However, the nterpretations of Islam from some outside of the religion muddy with current issues. On one side of the issue, some Muslim scholars and general Muslims interpret the Quran for their own agendas, says Muhammed Sackor, the Imam – or head religious counselor – of the Islamic Foundation of Lincoln. This misuse of Islam, Muhammed says, carries on whether it’s for ISIS-brand terrorism in Syria or something as personal as polygamy in Saudi Arabia.

“In terms of religion, knowing the proper channel, you have few people who have spent the time,” Sackor said to Hasan’s class on polygamy. “People don’t have the proper knowledge – or they’re learning from the wrong sources. You see a lot of Muslims out there – but they’re only Muslims by name. You see people who want to do things with the camouflage of religion.”

Hasan agrees with Sackor’s sentiments, criticizing ignorance of Islam by the scholars.

“I believe that scholars working for the political powers are playing a dirty game,” Hasan said during her polygamy class. “They don’t do any deep, analytical reading.”

On the other side of the issue in America, Hasan says the media reports “scary stories” with inaccurate representations of violent or socially backward Muslims.

“They want to keep entertaining people,” Hasan said.

This puts Muslims and non-Muslims at an impasse, says Sackor.

“What they see in the news is what they will use to judge the 2.2 percent of Muslim Americans,” Sackor said.

All the inaccuracies, particularly those believed by Americans, give the Muslim community in America – including Lincoln – a large hurdle to cross, says Asawar Sajid, the secretary of the Islamic Foundation of Lincoln.

“Our biggest challenge is trying to change people’s minds, educating people,” Sajid said. “One of our biggest objectives is for people to understand Islam intellectually.”

The challenges make critical readings by scholars like Hasan, notes Sackor, all the more important for the better perception of the faith by non-Muslims. With better understanding, people could learn a sober reality – including the fact that the Quran promotes the pursuit of knowledge by men and women, and that 95 percent of Muslims condemn fringe groups like ISIS and Al Qaeda, said Sackor during an “Islam 101” panel at UNL.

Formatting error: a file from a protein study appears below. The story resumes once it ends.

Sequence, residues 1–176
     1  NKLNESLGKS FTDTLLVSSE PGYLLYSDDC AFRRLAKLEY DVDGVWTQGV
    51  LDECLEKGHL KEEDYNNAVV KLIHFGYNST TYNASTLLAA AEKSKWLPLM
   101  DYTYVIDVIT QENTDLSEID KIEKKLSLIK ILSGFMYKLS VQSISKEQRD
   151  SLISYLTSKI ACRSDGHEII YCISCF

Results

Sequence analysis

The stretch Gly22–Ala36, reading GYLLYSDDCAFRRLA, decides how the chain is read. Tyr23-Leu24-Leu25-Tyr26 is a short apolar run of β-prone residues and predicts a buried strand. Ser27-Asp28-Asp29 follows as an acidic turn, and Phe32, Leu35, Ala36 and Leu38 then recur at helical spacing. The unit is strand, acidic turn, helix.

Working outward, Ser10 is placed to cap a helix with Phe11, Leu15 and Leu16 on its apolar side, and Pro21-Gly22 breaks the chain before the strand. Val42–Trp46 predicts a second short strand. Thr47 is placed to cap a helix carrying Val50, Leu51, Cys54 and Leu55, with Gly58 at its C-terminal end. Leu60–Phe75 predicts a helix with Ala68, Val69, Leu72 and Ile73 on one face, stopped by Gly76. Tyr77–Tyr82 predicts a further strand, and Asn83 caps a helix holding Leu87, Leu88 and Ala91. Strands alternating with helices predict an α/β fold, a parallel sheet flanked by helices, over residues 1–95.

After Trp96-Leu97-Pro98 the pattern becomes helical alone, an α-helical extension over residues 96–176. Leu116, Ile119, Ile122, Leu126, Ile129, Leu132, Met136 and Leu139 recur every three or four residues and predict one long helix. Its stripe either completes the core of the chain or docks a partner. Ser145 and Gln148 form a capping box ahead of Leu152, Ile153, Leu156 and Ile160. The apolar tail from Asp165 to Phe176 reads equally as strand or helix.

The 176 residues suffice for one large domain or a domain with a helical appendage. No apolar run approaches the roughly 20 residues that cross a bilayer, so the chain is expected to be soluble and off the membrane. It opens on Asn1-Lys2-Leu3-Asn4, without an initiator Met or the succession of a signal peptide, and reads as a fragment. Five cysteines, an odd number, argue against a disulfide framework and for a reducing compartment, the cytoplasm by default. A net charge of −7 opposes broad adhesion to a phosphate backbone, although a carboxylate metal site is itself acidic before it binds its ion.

“It gives the re-image of Islam to non-Muslims,” Sackor said. “They [Hasan’s nterpretations] give us our platform to speak. We can work together to give more academic efforts, contributions.”

So, one of Hasan’s major efforts towards critiquing and reeducating Islam not only involves lecturing for non-Muslims, but for Muslims as well. Ayat Aribi, UNL Vice Chair of the Executive Council Multicultural Organizations and President of the Middle Eastern Students Unite, says that she learned greatly about Islam and herself as a Muslims woman from Hasan’s deep readings and lessons.

“She’s always saying, ‘Go back to the basics, don’t let somebody who lived 200 years tell you how to understand,” Aribi said. “I learned more from her than at my mosque for 6 years. We dived into it a lot deeper.”

Aribi also says that it’s this approach by Hasan – of critiquing and analyzing on the inside of the religion – that inevitably helps bring change.

“If you try to fight the system outside the system, it isn’t going to work as well as fighting the system inside the system,” Aribi said. “You’re going to get people to change instead of cause commotion.”

There may be hope in the future for change, if one looks at Hasan’s life in Lincoln. When she finally moved into Lincoln, she says that people actually welcomed her family, saying how “people are nice” and how Lincoln’s Muslim community is “in harmony.”

So Hasan – the Muslim woman and scholar, on the inside and outside of Islam, some might say – advises the Muslim people to keep working at the present without fear of losing themselves.

“Reach out to others without fear of losing your identity,” Hasan said. “People are open to differences, they give you an opportunity. People ask a lot of questions; people are interested in getting to know more.”